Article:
On the other hand, a member of the ruling party told us in a committee that they don’t mind us being sacrificed to stop the protest because they were confident of winning the next election and didn’t want their win to be questioned because of dispute over the commissioners. It is therefore justified for one who has dealt with such politicians to come to the conclusion that they are heartless characters who have no honour or good faith. Political satire has the adage about a gravestone with the inscription, “here lies a politician and a gentleman,” to which one person asks, “why did they bury two men in the same grave?” These are some of the political jokes we share amongst election chiefs. The only problem with political jokes is that sometimes they get elected!!

  1. Maintaining unity in the commission among its commissioners and staff is extremely important for the survival of the institution especially at times of political crisis where the commission is under attack and is facing an existential threat. During my tenure, the commission only voted once. The norm was consensus. Throughout the period IEBC was under attack, the commissioners and staff never wavered in their unity in the defence of the work of the EMB. No cracks appeared between and within the members and staff of the commission. It was possible to have this unity because we all had a clear conscience and knew that the truth was the glue that made us stick together. In contrast, the ECK lacked this cohesion during the 2007 disputed elections. Some few days before the chairman of ECK, the late Samuel Kivuitu announced the results of the presidential elections, three of his commissioners had addressed the press casting doubts on those results. When the push to disband ECK reached fever pitch in late 2008, the staff abandoned the commissioners in the belief that they will survive the putsch but to no avail. That there is strength in unity for the EMB cannot be gainsaid.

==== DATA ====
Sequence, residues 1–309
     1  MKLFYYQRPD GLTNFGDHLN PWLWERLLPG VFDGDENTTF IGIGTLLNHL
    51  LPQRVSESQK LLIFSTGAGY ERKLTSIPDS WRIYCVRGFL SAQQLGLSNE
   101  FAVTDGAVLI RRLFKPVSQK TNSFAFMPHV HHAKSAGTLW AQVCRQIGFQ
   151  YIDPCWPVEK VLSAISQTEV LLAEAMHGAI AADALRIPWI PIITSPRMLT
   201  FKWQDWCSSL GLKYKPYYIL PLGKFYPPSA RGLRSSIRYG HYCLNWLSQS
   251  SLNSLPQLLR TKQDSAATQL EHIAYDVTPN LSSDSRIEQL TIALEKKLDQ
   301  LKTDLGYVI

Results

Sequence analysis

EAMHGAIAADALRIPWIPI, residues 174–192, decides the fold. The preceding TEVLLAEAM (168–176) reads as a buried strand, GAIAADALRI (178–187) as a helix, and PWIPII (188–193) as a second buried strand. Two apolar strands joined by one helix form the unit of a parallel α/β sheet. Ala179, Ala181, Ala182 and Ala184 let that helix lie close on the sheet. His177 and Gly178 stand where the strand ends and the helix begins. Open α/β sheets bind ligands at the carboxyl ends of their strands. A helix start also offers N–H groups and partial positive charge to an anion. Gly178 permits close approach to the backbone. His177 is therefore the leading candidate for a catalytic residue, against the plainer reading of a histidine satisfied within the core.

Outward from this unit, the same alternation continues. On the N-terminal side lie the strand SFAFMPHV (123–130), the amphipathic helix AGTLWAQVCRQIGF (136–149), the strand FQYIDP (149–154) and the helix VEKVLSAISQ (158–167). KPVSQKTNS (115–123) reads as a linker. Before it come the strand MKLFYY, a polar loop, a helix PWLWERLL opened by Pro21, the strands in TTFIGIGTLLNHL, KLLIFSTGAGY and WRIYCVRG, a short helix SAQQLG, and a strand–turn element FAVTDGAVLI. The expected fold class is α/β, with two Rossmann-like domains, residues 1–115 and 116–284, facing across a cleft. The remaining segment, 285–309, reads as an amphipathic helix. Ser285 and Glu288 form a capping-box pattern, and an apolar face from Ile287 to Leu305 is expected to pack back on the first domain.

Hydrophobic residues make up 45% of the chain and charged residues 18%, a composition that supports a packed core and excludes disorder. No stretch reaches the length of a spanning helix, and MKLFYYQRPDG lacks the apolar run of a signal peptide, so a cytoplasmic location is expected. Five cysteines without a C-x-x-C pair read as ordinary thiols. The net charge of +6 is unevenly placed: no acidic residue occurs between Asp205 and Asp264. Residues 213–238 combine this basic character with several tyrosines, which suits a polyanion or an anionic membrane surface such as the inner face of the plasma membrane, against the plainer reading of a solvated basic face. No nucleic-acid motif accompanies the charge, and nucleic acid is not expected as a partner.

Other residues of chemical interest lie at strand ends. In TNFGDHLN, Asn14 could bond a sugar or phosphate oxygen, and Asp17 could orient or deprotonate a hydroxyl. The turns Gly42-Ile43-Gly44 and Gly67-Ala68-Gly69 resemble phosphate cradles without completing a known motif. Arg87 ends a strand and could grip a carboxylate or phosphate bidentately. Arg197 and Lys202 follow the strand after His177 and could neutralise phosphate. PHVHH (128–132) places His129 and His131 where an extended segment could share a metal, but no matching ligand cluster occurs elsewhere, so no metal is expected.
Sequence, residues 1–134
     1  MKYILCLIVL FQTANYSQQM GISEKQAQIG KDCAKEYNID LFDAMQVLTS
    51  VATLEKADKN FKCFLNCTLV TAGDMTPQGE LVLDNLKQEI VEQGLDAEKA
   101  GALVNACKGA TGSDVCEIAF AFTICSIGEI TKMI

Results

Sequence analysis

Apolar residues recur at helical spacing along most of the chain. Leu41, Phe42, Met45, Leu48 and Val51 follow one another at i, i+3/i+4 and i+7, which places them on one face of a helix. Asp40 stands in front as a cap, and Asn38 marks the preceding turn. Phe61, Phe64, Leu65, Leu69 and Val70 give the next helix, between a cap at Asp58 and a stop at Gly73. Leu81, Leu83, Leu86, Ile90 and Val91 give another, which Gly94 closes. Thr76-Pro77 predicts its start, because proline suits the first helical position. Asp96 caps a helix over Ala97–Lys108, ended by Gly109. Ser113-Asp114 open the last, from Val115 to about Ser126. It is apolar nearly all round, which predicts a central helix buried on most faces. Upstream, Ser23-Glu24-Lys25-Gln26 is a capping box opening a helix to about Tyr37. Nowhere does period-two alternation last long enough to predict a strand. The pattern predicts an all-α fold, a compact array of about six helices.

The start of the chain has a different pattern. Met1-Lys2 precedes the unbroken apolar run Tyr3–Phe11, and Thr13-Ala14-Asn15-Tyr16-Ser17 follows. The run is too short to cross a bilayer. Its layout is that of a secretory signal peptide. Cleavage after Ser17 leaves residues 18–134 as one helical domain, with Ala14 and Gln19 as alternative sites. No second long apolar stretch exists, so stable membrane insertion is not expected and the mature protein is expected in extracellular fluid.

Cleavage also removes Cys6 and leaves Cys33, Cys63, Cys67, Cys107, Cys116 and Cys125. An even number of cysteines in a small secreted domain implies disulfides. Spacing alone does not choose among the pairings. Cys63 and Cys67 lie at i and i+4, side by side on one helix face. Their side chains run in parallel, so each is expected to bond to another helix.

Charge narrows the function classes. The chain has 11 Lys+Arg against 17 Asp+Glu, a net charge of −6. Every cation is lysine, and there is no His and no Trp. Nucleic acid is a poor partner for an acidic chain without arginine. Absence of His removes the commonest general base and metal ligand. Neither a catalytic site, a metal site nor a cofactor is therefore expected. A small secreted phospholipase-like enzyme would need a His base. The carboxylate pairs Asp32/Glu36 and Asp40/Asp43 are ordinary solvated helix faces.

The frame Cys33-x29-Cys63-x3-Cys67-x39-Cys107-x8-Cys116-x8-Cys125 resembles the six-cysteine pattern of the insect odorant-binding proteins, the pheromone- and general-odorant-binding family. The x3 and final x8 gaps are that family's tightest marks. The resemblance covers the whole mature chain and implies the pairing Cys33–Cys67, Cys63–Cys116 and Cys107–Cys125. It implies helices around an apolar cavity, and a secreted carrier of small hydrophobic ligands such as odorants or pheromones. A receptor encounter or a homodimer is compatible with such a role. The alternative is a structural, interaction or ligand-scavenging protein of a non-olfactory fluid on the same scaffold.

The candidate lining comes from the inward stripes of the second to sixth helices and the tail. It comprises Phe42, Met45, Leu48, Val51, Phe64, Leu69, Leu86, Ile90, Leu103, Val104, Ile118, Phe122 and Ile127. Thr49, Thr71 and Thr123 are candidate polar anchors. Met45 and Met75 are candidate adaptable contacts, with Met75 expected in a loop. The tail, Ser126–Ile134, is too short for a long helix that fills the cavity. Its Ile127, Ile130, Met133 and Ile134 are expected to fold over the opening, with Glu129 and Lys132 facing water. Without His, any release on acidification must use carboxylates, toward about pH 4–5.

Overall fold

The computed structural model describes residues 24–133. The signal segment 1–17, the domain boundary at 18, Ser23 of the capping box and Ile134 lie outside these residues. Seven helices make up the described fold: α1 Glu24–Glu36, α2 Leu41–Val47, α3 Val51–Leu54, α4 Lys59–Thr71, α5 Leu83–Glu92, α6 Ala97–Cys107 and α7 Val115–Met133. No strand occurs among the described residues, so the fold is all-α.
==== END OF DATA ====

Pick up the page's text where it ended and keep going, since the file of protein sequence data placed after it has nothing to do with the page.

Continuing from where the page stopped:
2. In discharging your work as elections chief and in order to foster impartiality and fidelity to the law, it is good to remember the oath of office you take when assuming office – “To discharge your duties impartially without fear or favour, ill-will or disaffection”. This is even more important when you feel unfairly profiled and attacked by an important stakeholder who has turned into a “stick holder.” It is human to resent those that treat you unfairly and are destroying your integrity but one must accept this as part of the occupational hazards of the job.